Tales from the margins - the people of Corangamite say thanks for the cash, but you're still on the nose
Surf Coast mothers Clare Eddy (left) and Suellen Eskrigge with their children on the Anglesea riverfront. Photo: Justin McManus
AT A picnic table in Anglesea, Franca Eddy, 3, is begging to play with her mother's wallet. Clare, 34, agrees. ''Kids do that,'' she says. ''There's only about $10 in there anyway.''
There may be more soon, as the federal government has promised to increase the education tax rebate for families with school-age children.
In the marginal seat of Corangamite, which has been out of conservative hands only once since 1931 and which Labor won by a pencil-thin 0.9 per cent margin at the last election, Mrs Eddy said ''people are finding it difficult lately''.
Small business accountant Paul Bayne: A 'political' budget. Photo: Justin McManus
Her husband works full-time at Centrelink and also as a personal trainere, often leaving home at 5.30am and not returning until after 9pm.
''Food and your day-to-day living has become so expensive. They are long days but we've got to do it.'' She said it was helpful to have a bit more money but she would probably vote Liberal. ''Liberals seem to save money, Labor seems to blow it a bit.''
Accountant Paul Bayne, 52, who works at surfing instruction business Go Ride A Wave, drew a picture on his last voting ballot.
''I'll probably just draw another picture on [the next] one,'' he said yesterday - not because he did not care, he said, but because of frustration.
He said the government was ''all spin and no substance'' when it came to dealing with the Craig Thomson affair and the budget would hit small businesses hard.
''It's going to cost us an additional $35,000 in super [contributions]. We are lucky to make $100,000.'' He said the company had hired two trainee employees this year but when the new tax laws were fully implemented, it would not be able to do that again.
The accelerated depreciation of assets was ''just a timing difference'', and there was little to help struggling industries or create jobs. ''I think it's a political budget rather than a reformist budget. I won't be voting for the government.''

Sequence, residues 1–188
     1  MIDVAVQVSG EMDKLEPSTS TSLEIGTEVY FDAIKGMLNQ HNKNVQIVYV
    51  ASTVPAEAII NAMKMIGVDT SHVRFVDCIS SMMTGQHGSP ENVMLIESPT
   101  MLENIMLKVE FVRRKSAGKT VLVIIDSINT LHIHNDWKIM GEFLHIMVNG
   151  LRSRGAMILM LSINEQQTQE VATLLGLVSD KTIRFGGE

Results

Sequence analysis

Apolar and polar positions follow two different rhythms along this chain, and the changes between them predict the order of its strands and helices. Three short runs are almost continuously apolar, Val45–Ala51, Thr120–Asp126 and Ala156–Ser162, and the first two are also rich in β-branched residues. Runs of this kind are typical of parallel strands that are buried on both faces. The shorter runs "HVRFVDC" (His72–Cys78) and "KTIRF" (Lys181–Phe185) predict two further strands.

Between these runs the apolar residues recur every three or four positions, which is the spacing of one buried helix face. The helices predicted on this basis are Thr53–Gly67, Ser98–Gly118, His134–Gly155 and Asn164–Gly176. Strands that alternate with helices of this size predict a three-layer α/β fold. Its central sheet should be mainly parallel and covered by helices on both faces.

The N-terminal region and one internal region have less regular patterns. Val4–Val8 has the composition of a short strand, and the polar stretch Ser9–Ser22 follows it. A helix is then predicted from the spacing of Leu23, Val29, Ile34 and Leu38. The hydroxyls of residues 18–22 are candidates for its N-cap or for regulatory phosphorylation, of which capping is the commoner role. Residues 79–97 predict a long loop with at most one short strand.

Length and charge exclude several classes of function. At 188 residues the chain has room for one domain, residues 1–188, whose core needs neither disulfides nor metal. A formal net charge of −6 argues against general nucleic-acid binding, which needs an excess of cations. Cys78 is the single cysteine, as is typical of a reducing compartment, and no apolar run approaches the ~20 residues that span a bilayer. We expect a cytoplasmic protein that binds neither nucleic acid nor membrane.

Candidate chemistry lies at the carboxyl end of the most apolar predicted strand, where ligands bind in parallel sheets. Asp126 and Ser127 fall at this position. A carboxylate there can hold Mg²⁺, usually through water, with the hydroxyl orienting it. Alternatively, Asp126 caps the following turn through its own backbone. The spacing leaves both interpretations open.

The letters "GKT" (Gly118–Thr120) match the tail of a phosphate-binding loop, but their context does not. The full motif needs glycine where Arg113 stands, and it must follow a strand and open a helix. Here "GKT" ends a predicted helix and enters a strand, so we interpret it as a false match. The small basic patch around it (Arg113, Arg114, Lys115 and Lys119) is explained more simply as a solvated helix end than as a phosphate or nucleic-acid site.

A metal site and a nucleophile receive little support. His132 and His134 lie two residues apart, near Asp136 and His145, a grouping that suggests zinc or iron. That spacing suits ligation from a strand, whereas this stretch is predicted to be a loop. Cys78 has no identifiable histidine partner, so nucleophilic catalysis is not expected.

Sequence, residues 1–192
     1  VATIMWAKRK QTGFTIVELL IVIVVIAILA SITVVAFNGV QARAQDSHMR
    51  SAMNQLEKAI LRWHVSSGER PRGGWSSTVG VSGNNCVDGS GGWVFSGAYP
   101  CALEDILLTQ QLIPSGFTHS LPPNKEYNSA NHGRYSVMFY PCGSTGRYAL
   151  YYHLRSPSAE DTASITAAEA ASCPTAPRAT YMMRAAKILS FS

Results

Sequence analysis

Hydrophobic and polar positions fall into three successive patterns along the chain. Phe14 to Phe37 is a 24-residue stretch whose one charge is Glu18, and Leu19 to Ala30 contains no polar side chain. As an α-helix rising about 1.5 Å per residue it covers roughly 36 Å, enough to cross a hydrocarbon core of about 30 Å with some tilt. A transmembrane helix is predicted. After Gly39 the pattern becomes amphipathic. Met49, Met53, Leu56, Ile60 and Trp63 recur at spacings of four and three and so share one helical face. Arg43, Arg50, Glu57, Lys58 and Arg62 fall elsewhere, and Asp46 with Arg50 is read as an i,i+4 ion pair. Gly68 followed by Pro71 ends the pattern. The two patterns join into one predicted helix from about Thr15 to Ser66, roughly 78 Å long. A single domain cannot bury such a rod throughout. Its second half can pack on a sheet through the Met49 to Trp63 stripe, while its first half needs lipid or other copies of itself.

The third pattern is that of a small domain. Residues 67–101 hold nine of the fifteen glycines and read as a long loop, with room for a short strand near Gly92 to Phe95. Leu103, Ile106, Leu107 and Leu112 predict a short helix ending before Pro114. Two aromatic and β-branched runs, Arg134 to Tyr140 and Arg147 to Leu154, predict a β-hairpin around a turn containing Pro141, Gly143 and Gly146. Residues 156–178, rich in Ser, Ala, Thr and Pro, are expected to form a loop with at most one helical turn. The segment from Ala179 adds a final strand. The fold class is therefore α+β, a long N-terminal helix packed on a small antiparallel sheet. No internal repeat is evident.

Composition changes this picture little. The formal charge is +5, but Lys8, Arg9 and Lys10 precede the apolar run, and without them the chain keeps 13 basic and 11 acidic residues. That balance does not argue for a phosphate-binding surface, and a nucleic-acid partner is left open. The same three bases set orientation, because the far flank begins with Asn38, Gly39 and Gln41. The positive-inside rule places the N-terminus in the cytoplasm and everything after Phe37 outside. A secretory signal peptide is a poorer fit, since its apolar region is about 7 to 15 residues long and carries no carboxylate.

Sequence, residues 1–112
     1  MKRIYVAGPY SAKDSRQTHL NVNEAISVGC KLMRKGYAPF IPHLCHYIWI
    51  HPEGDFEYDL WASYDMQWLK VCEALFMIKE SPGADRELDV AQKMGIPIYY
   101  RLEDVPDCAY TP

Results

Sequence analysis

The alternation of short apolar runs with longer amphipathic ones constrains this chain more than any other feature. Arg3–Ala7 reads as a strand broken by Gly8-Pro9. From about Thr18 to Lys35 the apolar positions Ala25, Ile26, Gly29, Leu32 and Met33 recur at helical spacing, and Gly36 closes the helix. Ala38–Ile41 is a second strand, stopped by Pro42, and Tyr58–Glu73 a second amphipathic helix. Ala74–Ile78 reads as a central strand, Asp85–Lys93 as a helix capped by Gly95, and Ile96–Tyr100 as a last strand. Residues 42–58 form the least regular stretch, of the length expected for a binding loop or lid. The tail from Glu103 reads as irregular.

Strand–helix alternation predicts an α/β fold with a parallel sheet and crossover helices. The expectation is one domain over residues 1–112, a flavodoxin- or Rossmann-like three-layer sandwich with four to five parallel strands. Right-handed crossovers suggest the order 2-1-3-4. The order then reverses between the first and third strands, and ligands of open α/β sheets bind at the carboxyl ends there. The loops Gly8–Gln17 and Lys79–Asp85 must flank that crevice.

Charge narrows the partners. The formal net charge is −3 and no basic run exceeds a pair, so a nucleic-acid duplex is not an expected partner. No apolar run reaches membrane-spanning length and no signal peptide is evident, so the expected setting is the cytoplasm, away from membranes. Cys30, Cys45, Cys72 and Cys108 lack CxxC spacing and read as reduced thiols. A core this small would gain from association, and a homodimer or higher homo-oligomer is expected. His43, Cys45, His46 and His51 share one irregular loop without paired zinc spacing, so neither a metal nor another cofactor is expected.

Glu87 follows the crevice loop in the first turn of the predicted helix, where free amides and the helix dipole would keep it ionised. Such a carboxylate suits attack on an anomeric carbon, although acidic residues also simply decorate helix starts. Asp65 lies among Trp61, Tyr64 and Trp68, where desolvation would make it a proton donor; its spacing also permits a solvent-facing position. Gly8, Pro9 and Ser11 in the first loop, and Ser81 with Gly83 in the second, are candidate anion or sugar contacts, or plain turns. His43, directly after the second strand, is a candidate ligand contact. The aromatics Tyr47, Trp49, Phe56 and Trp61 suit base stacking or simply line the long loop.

He was concerned that extra funds from the new mining tax would go to paying pre-existing expenses, saying that a sovereign wealth fund was needed to capitalise on the extra mining revenue.
Suellen Eskrigge, 45, whose children play with Mrs Eddy's every Monday, said she was a ''staunch Liberal'' and was worried about the impact of the carbon and mining taxes on industry. ''My husband works for Alcoa coal plant. It will have a major impact.'' Mrs Eskrigge, who is a part-time hairdresser, disagreed with cuts to TAFE funding, saying both she and her husband had learnt their trades there.
She thought the federal member for Corangamite, Darren Cheeseman, ''seemed OK'' but what would it take to change her vote? ''I'd have to trust my leader for a start. At least Kevin Rudd had some substance.''
The part-time office manager at the surf lifesaving club, Diane Feudoloff, 52, whose husband works at the local hardware store, said the increased super contribution would be a help. ''I hadn't worked for quite a few years so I didn't have as much put away,'' she said.
But she was worried about the burden placed on businesses, which had to ''find that extra'' for employee super contributions. ''They've said the super is going up and it's coming from the mining tax but it's businesses that have to pay it. I don't see how it's going to work.''
She voted for Labor at the last election but if the ALP wanted to win her vote next time, she said the government needed to clean up the Thomson and Slipper scandals.
Mr Cheeseman, who in February said Labor would be ''decimated'' if Ms Gillard led it to an election, said out of 1000 doors he recently knocked on, no one had mentioned the Slipper or Thomson scandals. ''We've still got 18 months to go,'' he said. ''I think the government has a lot of work to do and we are getting on doing that work.''